I've been interested in learning and brain plasticity for a very long time, especially in young children. More recently, thanks to the book The Brain that Changes Itself and the work of Michael Merzenich and the Posit Science organization, I've extended that fascination to adults as well. Specifically, me.
Posit Science is the company that makes Fast ForWord, a training program that worked wonders for a friend who suffered from CAPD (Central Auditory Processing Disorder). When I learned that the company was developing general brain exercise programs for adults, I was intrigued. I even went so far as to spring for one of the (much too expensive) programs. I'll admit that I never did much with it (ouch!): too many distractions, too much to do, plus I ended up getting a new computer and haven't yet tried to see if it works under Windows 7. I was also annoyed with Posit Science—and told them so—for treating the program as therapy rather than software, i.e. not only was it horribly expensive for software, but the license was for one person only. Even Microsoft lets me share Word with others as long as they're sitting at my computer to use it.
One way or another, Posit Science got the message and revised their system. The brain exercise program is now available on a subscription basis, much like my Ancestry.com subscription only considerably less expensive. It's still for one person only, but a much better price: a one year's subscription ($96) is less than a third of the cost of the program I had bought, plus I now have access to all their exercises, not just the limited selection of the previous version. What's more, as they improve exercises and add new ones, I have immediate access to them. And unlike the original program, I can come back and redo any exercise I've already "completed."
I think they finally got the system right. I've been using the program for a month now, and find I enjoy the exercises. Not enough to become addicted, but enough to keep coming back every day. It helps that you can do them on a five-minutes-here, five-minutes-there basis, so they're perfect for those "Quadrant Four" moments when you just need a break. Only this break is doing your brain good!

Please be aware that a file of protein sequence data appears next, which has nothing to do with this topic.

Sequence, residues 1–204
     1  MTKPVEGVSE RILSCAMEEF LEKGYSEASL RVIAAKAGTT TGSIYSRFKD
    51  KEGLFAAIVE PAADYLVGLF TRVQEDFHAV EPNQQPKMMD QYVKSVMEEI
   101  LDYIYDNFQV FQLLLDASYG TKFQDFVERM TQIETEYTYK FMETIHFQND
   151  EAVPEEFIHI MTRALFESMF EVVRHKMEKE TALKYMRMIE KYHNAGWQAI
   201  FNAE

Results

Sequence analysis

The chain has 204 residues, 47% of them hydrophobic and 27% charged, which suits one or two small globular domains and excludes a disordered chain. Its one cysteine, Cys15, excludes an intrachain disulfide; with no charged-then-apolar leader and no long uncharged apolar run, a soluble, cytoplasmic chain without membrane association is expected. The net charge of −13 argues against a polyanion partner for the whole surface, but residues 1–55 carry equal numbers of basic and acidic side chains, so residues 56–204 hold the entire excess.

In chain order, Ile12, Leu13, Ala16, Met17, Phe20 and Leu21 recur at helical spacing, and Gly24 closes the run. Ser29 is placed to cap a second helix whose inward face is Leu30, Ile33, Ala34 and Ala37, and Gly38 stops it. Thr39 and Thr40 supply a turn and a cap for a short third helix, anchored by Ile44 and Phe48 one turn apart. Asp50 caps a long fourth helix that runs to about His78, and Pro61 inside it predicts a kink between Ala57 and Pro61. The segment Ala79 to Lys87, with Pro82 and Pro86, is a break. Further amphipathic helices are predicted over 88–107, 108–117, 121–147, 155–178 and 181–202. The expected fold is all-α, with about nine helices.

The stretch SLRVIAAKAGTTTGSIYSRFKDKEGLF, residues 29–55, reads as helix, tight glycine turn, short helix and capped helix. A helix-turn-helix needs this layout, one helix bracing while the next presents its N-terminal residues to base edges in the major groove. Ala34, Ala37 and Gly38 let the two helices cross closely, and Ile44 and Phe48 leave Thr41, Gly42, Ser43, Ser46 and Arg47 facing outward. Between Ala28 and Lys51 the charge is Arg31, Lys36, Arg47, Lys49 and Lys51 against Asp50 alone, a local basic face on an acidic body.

The program is called BrainHQ, and offers exercises in the areas of Attention, Brain Speed, Memory, People Skills, and Intelligence, with Navigation in the works. Both auditory and visual pathways are exercised. Much as for physical exercise, thirty minutes three times per week is recommended, but whatever fits into your schedule will help.
Does it work? For myself, I can't say after only one month. I've certainly improved on the individual exercises with practice; whether or not it's doing any lasting good for my brain is beyond my power to tell, at least at this point. But I'm convinced enough to keep going. In theory, the exercises are designed specifically for the way the brain works, and do more good than general intellectual activity, such as working crossword puzzles. (I'm still addicted to my World of Puzzles magazine, however.) You can read a lot about the theory, the science, the laboratory test results, and the personal testimonials beginning with Why BrainHQ?
Why am I writing about this now? It would make more sense to do so after using the program for more than just a month. But from now until May 12, Posit Science is offering a buy-one-get-one-free Mother's Day promotion, and I know enough people who might be interested at that price that I decided it was worth posting. The cost for a year's subscription is $96. (You can also subscribe by the month, though I don't think that's covered by the sale.) Even after the sale ends, subscribers can give gift subscriptions at the discounted rate of $69.
I get no kickbacks whatsoever from Posit Science for writing this, nor from any sales; I just think it's a good idea.